Having reversed and remanded Counts 6 and 7, we now address defendant's OEC 403 claims of error in relation to the counts that remain, Counts 4 and 5. "In reviewing a trial court's application of OEC 403, we begin by summarizing all of the evidence and procedure related to the trial court's ruling." State v. Kelley , 293 Or. App. 90, 91, 426 P.3d 226 (2018). In this case, those facts are either procedural or undisputed for purposes of this appeal.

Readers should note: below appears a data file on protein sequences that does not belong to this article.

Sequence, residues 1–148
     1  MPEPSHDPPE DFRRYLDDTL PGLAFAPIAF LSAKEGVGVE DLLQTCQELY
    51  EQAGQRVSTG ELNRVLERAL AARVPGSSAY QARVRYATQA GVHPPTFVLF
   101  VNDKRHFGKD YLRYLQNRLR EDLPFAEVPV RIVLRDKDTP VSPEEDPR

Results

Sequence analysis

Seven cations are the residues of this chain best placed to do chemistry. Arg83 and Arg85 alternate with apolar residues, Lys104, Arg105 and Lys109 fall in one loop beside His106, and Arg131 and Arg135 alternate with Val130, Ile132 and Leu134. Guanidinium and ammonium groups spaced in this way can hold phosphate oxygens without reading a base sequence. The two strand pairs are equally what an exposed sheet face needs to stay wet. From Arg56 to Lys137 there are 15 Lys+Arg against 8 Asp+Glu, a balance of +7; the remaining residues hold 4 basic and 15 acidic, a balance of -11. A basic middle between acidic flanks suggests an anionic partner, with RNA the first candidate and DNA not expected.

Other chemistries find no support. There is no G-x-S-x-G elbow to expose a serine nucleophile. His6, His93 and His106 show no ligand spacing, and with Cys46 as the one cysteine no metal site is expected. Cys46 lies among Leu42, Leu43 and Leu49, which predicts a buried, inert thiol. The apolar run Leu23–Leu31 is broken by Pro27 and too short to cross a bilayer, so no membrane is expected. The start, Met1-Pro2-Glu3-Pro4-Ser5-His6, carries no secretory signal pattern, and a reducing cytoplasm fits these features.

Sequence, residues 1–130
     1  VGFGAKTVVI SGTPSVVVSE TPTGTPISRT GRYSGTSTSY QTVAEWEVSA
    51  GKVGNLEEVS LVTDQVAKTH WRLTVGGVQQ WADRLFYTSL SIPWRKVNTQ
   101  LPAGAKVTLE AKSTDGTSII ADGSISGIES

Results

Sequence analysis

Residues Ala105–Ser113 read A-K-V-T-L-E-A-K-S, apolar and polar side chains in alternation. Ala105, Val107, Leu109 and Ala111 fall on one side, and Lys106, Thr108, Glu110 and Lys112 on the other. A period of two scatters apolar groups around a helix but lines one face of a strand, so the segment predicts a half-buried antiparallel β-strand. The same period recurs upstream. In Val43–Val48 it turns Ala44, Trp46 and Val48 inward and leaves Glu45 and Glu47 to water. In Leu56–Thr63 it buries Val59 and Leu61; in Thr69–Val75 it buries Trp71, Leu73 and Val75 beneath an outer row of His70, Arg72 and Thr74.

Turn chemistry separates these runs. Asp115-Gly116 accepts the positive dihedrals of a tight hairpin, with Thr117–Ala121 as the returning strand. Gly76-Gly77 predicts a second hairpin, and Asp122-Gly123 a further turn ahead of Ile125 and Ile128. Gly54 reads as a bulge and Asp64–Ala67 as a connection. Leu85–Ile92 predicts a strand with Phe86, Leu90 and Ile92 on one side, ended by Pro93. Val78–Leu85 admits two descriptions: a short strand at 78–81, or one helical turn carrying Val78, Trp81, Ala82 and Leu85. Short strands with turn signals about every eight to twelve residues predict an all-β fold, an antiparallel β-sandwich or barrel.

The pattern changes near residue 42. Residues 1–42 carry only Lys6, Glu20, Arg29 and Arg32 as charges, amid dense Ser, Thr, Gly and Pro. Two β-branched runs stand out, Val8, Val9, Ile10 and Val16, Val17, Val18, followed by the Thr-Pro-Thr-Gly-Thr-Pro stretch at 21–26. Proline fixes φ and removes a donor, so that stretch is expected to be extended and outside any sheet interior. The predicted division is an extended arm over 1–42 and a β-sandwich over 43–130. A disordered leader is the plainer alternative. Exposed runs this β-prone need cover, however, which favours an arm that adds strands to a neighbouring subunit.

Defendant is the father of R, who, at the time of trial, was 26 years old. R alleged that defendant sexually abused her and raped her three times when she was between the ages of eight and 11 years old. According to R, defendant stopped abusing her after she began menstruating. Shortly thereafter, Crescensio—R's uncle and defendant's brother—began to sexually abuse and rape her. Crescensio admitted to police that he had sexually abused R and some of her siblings. Because of R's allegations, the police began investigating the matter and arranged for a video-recorded interview of defendant at a police station. Several portions of that video are the subject of this appeal.